Explore food pairings created to match the wines from our club offerings and Wine Shop. Each recipe pairing has been tested in the FOOD & WINE Test Kitchen.
Perfect Pairing Rules
- Serve a dry rosé with hors d'oeuvres.
- Serve an unoaked white with anything you can squeeze a lemon or lime on.
- Try low-alcohol wines with spicy foods.
- Match rich red meats with tannic reds.
- With lighter meats, pair the wine with the sauce.
- Choose earthy wines with earthy foods.
- For desserts, go with a lighter wine.
A creamy, vivid parsley sauce is delicious
with white fish like halibut.
Preheating the oven to 500° and then reducing
the temperature to 375° yields a lamb that’s
crusty on the outside and juicy within.
This flaky white fish is dressed up with zesty ingredients like lemon and fresh herbs.
Slow-roasting the pork shoulder for this
sandwich is worth it: The herbs and garlic
infuse the meat with incredible flavor.
Inspired by Peking duck, Italian vintner
Piero Incisa della Rocchetta brushes this
chicken with soy sauce and honey.
The flavors of lamb, herbs and Syrah have
an incredible affinity for each other that’s
showcased in this pairing.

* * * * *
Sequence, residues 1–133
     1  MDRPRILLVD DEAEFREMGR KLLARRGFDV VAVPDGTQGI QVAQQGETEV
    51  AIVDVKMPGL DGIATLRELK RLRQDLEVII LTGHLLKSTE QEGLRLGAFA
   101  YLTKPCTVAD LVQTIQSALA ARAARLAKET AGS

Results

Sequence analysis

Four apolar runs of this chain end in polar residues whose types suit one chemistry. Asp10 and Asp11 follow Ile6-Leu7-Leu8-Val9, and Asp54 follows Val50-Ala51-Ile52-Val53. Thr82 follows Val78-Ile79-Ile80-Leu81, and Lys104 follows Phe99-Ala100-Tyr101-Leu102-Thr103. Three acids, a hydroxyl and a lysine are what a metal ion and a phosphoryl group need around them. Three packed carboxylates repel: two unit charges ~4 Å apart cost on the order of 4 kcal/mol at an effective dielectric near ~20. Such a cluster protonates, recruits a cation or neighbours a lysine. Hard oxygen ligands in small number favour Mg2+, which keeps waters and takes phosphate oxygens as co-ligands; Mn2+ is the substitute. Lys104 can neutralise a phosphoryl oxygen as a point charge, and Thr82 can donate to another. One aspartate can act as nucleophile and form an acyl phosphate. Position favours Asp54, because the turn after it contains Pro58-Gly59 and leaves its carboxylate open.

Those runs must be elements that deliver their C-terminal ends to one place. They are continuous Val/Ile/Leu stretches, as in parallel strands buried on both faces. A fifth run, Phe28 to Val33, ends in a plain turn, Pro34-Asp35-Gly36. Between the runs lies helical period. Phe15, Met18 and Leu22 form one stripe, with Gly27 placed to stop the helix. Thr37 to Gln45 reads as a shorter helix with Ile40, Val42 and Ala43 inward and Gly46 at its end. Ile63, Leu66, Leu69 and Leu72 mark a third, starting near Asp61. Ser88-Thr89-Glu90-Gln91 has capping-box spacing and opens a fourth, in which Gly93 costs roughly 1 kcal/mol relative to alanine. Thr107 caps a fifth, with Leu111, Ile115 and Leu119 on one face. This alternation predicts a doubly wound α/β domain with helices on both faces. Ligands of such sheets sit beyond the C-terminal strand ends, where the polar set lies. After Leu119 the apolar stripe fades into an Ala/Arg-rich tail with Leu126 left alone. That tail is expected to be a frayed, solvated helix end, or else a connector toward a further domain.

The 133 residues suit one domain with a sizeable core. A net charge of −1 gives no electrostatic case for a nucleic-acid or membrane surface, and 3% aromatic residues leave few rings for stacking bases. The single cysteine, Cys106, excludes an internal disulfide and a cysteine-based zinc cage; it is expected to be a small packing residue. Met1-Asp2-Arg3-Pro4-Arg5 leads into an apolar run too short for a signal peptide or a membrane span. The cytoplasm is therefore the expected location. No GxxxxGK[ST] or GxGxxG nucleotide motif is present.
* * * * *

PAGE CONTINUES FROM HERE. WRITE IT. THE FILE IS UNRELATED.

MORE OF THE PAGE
Naturally tart tamarind keeps the honey-based barbecue sauce from becoming too sweet for the luscious, slow-cooked ribs.
This roast-deliciously crusted with horseradish and black peppercorns-is perfect hot out of the oven, but it's also amazing cold on a sandwich.
For this sweet and spicy chicken, Marcie
Turney blends tamarind and other Indian
flavors into her molasses barbecue sauce.
Using rotisserie chicken makes this dish supereasy; its curry-yogurt sauce gets a hit of flavor from store-bought mango chutney.
The best way to improve on a great grilled
cheese is to sprinkle cheese on the outside of
the bread, creating an incredible crust.
Double-cut chops are extra thick and juicy; brining them for a few hours helps season them.
Fruity and tart grapefruit juice is used
here both to glaze the crab and to make
the sweet-tangy salad dressing.
Here, sliced beef is marinated in soy sauce, sugar, sesame oil and garlic, then grilled.
Grace Parisi makes her version of harissa
with fresh green chiles to add bright flavor
to smoky grilled lamb burgers.
In this twist on veal Milanese (a pounded,
breaded and fried veal cutlet), Marcelo
Betancourt substitutes double-cut lamb chops.
These lamp chops are served with a meaty ragù
tossed with the Sardinian pasta malloreddus.
Cavatelli makes a great substitute.
Here, tender lamb chopschops are garnished
with fresh green herbs, flash-fried to a
The fast, lightly sweet sauce here made
with wine, honey and grapes is cooked in
the same pan as the lamb chops.
Thinly pounded fried lamb steaks are
delicious with romesco, a tangy Spanish
sauce that gets a richness from almonds.